A little group project for the Image Processing class at the University of Applied Sciences of Zurich consisted of building a virtual keyboard.
The task was to freely choose some kind of virtual keyboard (with at least six buttons), and – using a webcam – determine from a static perspective the keys pressed. We were recommended to use MatLab for the analysis but my group took the chance to get to know OpenCV and Python a little (we used PyCharm). Also we wanted to try to capture the keys with changing perspective.
Important: We are anything but Pro’s on Python. I’m sure there will be very obvious mistakes in good practice in the following code. I apologize for that. Remember however that this was our very first project in Python and the aim was to get to know the language.
We agreed on six square white buttons and two circles – one green, one blue – at each end of the buttons.
The first problem is to detect the lowest point belonging to the finger. The method we chose to do this is shaky at best but for our purposes it seemed sufficient. Next, we need to detect the two circles. This turned out to be relatively simple thanks to OpenCV’s findContours() function. These two steps are necessary for all the different solutions we tried next.
Detecting the buttons
For the first approach we simply spanned six circles between the two center points. This – of course – was doomed to fail due to changes in perspective.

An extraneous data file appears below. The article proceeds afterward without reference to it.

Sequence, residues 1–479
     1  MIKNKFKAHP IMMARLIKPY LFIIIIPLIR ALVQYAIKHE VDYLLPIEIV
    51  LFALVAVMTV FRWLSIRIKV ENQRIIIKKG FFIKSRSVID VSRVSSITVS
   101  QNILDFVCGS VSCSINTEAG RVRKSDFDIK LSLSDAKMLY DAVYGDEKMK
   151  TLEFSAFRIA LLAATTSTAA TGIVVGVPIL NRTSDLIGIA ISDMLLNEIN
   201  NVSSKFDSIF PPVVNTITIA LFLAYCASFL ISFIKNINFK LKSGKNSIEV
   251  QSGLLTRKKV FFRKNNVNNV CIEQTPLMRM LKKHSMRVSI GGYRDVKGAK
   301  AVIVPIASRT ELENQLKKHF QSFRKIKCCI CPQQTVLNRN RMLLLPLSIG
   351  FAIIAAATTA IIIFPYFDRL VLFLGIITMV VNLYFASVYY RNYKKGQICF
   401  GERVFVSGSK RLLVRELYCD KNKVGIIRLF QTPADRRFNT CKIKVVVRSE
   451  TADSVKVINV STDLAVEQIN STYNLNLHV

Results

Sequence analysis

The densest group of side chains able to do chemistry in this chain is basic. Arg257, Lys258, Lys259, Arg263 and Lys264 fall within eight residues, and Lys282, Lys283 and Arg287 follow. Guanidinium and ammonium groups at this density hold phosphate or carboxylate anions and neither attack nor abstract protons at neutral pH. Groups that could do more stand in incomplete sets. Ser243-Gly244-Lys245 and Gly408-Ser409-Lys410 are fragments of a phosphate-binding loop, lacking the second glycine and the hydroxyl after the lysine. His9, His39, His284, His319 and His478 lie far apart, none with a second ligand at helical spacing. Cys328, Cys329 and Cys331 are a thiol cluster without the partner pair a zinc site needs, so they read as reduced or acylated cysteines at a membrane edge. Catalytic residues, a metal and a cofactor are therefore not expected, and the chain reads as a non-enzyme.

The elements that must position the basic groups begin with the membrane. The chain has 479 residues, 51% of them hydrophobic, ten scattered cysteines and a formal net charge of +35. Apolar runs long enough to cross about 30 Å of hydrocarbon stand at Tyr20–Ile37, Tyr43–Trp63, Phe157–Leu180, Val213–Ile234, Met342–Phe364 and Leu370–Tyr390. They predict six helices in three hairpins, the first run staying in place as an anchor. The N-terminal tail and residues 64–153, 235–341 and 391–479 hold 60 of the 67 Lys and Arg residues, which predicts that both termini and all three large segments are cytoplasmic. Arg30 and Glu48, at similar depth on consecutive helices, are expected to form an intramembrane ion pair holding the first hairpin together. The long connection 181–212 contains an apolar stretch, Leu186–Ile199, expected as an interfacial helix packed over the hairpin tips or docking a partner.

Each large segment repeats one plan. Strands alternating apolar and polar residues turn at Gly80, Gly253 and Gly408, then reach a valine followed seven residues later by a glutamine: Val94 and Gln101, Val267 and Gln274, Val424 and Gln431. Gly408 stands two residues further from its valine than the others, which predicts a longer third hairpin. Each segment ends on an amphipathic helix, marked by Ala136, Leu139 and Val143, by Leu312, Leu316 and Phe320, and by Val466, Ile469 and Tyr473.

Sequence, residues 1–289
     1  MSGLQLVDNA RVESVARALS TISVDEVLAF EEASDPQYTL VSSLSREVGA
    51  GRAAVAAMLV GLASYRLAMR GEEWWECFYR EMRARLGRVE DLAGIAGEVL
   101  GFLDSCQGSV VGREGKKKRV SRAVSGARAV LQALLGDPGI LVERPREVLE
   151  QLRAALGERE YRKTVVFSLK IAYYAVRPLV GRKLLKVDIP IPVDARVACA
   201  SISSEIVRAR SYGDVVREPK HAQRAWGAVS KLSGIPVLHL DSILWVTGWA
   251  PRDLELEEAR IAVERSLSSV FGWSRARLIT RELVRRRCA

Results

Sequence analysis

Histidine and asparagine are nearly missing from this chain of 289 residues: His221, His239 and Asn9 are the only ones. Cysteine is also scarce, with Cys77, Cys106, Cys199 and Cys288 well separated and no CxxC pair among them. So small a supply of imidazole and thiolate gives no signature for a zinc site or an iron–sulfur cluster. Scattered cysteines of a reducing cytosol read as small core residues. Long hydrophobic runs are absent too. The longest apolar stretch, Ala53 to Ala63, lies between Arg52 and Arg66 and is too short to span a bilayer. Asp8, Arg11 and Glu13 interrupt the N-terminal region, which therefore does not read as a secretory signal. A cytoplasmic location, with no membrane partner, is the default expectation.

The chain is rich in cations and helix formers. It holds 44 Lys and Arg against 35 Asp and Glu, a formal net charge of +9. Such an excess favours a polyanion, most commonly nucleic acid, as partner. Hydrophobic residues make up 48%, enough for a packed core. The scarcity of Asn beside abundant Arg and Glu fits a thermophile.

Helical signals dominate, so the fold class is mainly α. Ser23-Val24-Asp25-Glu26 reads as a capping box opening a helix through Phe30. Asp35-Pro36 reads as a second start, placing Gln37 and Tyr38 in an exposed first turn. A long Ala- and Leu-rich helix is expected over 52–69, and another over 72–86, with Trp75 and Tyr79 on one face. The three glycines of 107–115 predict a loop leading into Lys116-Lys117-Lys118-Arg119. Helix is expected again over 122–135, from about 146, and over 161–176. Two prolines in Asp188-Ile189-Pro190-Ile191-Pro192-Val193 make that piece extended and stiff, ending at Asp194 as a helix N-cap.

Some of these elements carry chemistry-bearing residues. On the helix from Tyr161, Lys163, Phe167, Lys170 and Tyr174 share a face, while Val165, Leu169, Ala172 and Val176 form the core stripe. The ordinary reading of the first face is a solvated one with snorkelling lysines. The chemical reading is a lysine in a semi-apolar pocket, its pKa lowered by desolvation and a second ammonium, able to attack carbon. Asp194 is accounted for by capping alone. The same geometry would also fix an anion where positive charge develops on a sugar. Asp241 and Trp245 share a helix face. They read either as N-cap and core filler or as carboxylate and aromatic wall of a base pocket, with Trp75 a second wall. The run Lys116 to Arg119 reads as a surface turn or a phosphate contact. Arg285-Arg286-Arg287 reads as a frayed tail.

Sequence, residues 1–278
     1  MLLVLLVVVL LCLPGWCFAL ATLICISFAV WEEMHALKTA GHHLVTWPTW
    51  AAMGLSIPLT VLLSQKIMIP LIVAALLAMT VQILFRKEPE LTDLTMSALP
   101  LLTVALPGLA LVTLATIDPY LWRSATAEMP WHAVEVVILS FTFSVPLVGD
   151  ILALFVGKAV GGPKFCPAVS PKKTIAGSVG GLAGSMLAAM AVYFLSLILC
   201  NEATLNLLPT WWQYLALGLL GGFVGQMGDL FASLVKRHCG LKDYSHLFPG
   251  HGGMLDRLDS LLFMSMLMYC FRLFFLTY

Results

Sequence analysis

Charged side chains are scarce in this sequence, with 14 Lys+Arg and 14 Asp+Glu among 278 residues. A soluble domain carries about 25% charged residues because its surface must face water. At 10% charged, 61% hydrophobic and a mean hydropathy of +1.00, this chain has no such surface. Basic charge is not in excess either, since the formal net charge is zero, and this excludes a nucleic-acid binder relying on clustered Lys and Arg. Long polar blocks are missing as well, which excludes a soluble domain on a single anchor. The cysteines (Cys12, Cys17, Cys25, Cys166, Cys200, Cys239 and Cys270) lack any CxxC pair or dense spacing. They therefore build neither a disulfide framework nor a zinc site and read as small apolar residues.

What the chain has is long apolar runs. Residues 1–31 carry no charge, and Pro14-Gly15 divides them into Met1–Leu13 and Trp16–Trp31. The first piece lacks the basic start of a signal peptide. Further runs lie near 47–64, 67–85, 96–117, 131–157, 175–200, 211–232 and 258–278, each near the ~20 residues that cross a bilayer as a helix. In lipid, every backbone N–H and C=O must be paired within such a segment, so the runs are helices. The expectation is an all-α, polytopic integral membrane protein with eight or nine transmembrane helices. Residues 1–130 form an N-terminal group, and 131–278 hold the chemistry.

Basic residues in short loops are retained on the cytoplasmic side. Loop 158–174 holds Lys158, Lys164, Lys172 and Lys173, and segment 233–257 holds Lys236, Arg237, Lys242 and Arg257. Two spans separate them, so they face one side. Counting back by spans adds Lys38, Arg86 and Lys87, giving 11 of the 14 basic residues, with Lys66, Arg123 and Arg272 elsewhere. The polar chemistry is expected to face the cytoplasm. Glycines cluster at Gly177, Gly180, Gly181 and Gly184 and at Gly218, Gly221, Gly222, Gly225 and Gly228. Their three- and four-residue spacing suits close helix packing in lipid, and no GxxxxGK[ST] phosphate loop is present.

For the second approach we tried to stabilize the image in two axes before further analyzing the image data.
def get_center_points(image, old_green, old_blue): green = None blue = None blue_channel, green_channel, red_channel = cv2.split(image) ret, thresh_red = cv2.threshold(red_channel, 127, 255, cv2.THRESH_BINARY) contours, hierarchy = cv2.findContours(thresh_red, cv2.RETR_LIST, cv2.CHAIN_APPROX_SIMPLE) for cnt in contours: if 3000 < cv2.contourArea(cnt) < 20000: x, y, w, h = cv2.boundingRect(cnt) aspect_ratio = float(w)/float(h) if 0.5 < w/h < 1.5: o_point = OrientationPoint(int(x + w/2), int(y + h/2), w, h, aspect_ratio, cnt) if not old_green or get_distance(old_green, o_point) < 40: green = o_point elif not old_blue or get_distance(old_blue, o_point) < 40: blue = o_point if not green: green = old_green if not blue: blue = old_blue return green, blue, image def detect_angle(blue, green): x = math.fabs(blue.x - green.x) y = math.fabs(blue.y - green.y) angle = -math.degrees(math.atan(y/x)) if blue.y > green.y: angle = 0 - angle return angle def rotate_source(image, angle): height, width, depth = image.shape M = cv2.getRotationMatrix2D((width/2, height/2), angle, 1) image = cv2.warpAffine(image, M, (width, height)) return image
By detecting shapes in the tresholded image we then were able to detect the buttons properly. Every now and then some buttons are not detected, so we use the last known position of the button. As you can see in the video, the buttons are lagging behind sometimes (especially when shifting perspective).
We are aware that the results are poor. But the time for this little project was very limited and we couldn’t further improve it.
If you are interested in the entire source, you can find it here.
Credits to Philipp Schürch for co-developing.